Crook-Averell Raid on the Virginia & Tennessee Railroad

Virginia & Tennessee Railroad

Virginia & Tennessee Railroad

During the Civil War, Brigadier General George Crook commanded the Union Army of West Virginia, made up of three brigades from the Division of the Kanawha. When General Ulysses S. Grant launched his spring offensive of 1864, two Union armies marched towards Richmond, Virginia and a third moved into the Shenandoah Valley. General Crook’s troops were also involved in the offensive and march through the Appalachian Mountains into southwest Virginia. His objective was to destroy the Virginia & Tennessee Railroad, working in conjunction with General William W. Averell.

General George Crook, about 1870

General George Crook

Brigadier General Albert G. Jenkins was in command of a few scattered Confederate units protecting the rail lines. This campaign is noteworthy for its extreme difficulty, the tenacity of its commanders, and the courage of the soldiers involved.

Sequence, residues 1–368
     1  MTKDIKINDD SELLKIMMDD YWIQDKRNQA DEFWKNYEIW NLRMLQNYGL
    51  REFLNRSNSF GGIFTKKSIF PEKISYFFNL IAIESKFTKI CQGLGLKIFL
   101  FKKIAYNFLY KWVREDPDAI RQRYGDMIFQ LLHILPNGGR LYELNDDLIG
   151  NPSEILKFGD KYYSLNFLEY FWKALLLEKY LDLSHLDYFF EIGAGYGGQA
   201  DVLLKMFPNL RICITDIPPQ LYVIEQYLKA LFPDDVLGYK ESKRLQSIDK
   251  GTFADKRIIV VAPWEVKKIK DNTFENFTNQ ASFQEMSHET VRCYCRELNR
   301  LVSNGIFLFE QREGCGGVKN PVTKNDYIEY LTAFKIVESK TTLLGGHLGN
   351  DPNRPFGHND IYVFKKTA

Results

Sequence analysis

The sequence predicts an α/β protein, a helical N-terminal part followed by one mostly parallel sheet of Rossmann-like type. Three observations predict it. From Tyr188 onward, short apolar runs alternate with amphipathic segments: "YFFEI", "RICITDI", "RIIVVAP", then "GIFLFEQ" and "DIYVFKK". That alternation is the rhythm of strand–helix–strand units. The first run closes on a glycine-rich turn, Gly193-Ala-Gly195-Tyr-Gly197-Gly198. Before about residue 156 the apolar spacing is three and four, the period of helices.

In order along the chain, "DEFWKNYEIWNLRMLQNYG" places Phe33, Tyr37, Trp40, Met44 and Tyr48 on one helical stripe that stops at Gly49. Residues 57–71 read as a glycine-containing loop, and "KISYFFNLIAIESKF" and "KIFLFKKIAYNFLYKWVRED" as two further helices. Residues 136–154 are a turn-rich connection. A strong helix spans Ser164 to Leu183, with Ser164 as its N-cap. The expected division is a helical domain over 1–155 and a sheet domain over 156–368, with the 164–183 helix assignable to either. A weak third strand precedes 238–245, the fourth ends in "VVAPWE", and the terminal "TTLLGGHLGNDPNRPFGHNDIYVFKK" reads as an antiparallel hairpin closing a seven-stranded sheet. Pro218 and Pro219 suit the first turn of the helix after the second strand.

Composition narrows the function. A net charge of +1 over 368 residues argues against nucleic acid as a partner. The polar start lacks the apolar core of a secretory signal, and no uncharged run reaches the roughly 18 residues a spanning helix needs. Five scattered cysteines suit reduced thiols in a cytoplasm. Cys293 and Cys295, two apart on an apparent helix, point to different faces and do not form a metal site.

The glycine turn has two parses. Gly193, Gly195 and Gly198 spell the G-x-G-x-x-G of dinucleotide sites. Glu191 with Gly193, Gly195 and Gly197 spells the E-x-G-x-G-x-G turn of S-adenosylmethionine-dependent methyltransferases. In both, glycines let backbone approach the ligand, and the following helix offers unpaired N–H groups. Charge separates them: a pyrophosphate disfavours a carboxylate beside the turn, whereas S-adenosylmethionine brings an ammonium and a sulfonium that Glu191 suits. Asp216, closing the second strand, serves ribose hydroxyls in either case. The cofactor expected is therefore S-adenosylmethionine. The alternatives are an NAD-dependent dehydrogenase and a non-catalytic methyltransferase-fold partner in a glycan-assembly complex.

Cloyd’s Mountain (May 9, 1864) – Taking place in Pulaski County, General Crook’s three brigades, which included 6,100 men on a raid into southwestern Virginia, encountered a patchwork Confederate forces under Confederate Brigadier General Albert Jenkins at Cloyd’s Mountain. Fighting was furious and hand-to-hand. Casualties were heavy for the size of the forces engaged: Union 10%, Confederate 23%. Confederate General Jenkins was mortally wounded. Union General George Crook afterward joined forces with General William Averell, who had burned the New River Bridge, and the united column withdrew to Meadow Bluff after destroying several important railroad bridges. The Union victory resulted in estimated Union casualties of 688 and Confederate 538.

Cove Mountain (May 10, 1864) – Occurring in Wythe County, Brigadier General William Averell’s raiders encountered a brigade under Confederate General William “Grumble” Jones near Cove Mountain. After delaying the Union advance, the Confederates withdrew. The next day, Averell reached the New River Bridge on the Virginia & Tennessee Railroad, which he burned. The inconclusive battle resulted in an estimated 300 total casualties.

Compiled and edited by Kathy Weiser-Alexander/Legends of America, updated May 2021.

Also See:

Campaigns of the Civil War

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National Park Service Battle Descriptions (no longer available online)
National Park Service Civil War